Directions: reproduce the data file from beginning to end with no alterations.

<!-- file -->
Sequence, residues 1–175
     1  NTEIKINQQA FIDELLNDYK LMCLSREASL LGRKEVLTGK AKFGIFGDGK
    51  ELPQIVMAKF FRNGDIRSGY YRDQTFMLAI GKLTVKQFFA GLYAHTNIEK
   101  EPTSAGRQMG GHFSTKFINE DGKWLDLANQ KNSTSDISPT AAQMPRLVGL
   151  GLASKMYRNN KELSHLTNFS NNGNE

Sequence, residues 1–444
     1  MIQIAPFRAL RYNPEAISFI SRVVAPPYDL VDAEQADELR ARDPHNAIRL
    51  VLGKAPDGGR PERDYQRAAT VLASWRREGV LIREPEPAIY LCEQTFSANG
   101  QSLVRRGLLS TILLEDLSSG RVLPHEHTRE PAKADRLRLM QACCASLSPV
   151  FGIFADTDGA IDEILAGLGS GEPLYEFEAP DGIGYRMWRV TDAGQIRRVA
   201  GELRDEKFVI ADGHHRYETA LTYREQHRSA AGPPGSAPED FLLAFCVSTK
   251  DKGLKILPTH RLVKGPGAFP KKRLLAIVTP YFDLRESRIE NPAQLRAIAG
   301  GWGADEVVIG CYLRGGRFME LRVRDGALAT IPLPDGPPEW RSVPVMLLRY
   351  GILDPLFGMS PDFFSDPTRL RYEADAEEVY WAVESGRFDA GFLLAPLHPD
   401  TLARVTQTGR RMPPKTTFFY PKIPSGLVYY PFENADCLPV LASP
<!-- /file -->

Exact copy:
Sequence, residues 1–175
     1  NTEIKINQQA FIDELLNDYK LMCLSREASL LGRKEVLTGK AKFGIFGDGK
    51  ELPQIVMAKF FRNGDIRSGY YRDQTFMLAI GKLTVKQFFA GLYAHTNIEK
   101  EPTSAGRQMG GHFSTKFINE DGKWLDLANQ KNSTSDISPT AAQMPRLVGL
   151  GLASKMYRNN KELSHLTNFS NNGNE

Sequence, residues 1–444
     1  MIQIAPFRAL RYNPEAISFI SRVVAPPYDL VDAEQADELR ARDPHNAIRL
    51  VLGKAPDGGR PERDYQRAAT VLASWRREGV LIREPEPAIY LCEQTFSANG
   101  QSLVRRGLLS TILLEDLSSG RVLPHEHTRE PAKADRLRLM QACCASLSPV
   151  FGIFADTDGA IDEILAGLGS GEPLYEFEAP DGIGYRMWRV TDAGQIRRVA
   201  GELRDEKFVI ADGHHRYETA LTYREQHRSA AGPPGSAPED FLLAFCVSTK
   251  DKGLKILPTH RLVKGPGAFP KKRLLAIVTP YFDLRESRIE NPAQLRAIAG
   301  GWGADEVVIG CYLRGGRFME LRVRDGALAT IPLPDGPPEW RSVPVMLLRY
   351  GILDPLFGMS PDFFSDPTRL RYEADAEEVY WAVESGRFDA GFLLAPLHPD
   401  TLARVTQTGR RMPPKTTFFY PKIPSGLVYY PFENADCLPV LASP